1) Nothing is 100% certain. Deniers demand 100% certainty in scientists’ claims, which is literally impossible. There is always room for error and misinterpretation, in every kind of science. Scientists know this and so they tend to talk about their findings cautiously. This doesn’t translate well in the public sphere; we’re used to people in everyday life making certain claims, especially when those claims are relevant to politics. What kind of politician would say “My plan is to do this, because such-and-such is probably the problem with our economy, and such-and-such will probably help”? That would be honest, but it wouldn’t sell, and that politician’s dishonest opponent would come off much more convincingly.

This creates a conflict when science is dragged kicking and screaming into politics. There’s pressure to put things into certain terms – it’s technically bad science, but good politics. From what little I’ve seen excerpted from the hacked emails, it looks like this is what these scientists are discussing – how to remain scientifically accurate while trying to get across an important public message. Does glossing over the science in this way make them liars or frauds? No, it makes them roughly as inaccurate as everyone else in the public sphere. It’s regrettable that science has to be dumbed down for public presentation, but the dumbing down is obviously not a conspiracy.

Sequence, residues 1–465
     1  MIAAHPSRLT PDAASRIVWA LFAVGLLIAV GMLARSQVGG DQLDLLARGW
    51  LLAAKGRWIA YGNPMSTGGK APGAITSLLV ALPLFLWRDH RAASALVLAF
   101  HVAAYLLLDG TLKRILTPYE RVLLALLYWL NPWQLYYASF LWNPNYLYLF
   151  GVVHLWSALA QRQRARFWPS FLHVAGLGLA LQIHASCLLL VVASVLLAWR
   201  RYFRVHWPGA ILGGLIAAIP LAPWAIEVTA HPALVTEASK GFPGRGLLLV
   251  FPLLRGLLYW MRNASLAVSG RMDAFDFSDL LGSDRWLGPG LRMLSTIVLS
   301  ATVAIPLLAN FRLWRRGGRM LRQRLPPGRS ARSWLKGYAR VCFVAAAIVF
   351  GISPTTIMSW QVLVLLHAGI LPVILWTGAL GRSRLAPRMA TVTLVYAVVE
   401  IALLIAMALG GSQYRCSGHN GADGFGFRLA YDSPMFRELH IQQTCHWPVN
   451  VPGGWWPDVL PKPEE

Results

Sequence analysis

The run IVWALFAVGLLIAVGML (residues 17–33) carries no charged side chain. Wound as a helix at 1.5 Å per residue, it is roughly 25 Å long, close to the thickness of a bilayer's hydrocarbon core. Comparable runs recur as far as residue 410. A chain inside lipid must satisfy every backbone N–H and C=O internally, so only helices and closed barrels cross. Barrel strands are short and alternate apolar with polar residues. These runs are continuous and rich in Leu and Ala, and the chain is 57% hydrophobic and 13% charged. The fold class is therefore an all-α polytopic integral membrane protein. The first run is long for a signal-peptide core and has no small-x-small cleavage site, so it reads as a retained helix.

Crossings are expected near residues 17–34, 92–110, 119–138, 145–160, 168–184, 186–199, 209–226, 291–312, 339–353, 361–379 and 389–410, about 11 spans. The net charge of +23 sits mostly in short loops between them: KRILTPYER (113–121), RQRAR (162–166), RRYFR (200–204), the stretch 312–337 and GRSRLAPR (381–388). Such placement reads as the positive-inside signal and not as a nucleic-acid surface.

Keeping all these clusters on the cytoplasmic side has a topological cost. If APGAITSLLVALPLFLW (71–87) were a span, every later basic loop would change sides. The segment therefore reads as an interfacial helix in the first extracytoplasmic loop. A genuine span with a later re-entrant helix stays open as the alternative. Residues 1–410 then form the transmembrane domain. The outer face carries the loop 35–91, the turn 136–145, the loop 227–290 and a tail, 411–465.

2) There will always be internal disagreement between scientists on smaller issues. Deniers will point out any and every sign of disagreement between scientists when it comes to climate science or evolution, and use this to claim that the science isn’t settled. There will probably always be differing hypotheses when it comes to the details of the matter, but that has no bearing on whether the field as a whole is valid. There’s tons of uncertainty in climate science, and personally I don’t like it at all when bold predictions about 100 years into the future are made, because it seems obvious that those predictions are so error-prone as to be meaningless. However, there’s negligible uncertainty when it comes to the facts of the Earth gradually warming over the last century, and the human release of greenhouse gasses as a significant contributing factor.

Do we know how all of this will pan out? No, not at all. I summarized a New Scientist article earlier showing just how little we know about the magnitude of the problem. This kind of subtlety can be confusing to the public – if we don’t know, then why should we take such dramatic and costly steps to respond? Science doesn’t work strictly by knowing though, as should be clear by the fact that nothing is 100% certain. Everything is a matter of probability. If curbing greenhouse gas release is very likely to be beneficial, then it makes sense to do it, whether or not we can know for sure – which we really can’t, ever. Doing nothing is making an active choice to act on the much less probable future scenario, which doesn’t make any sense.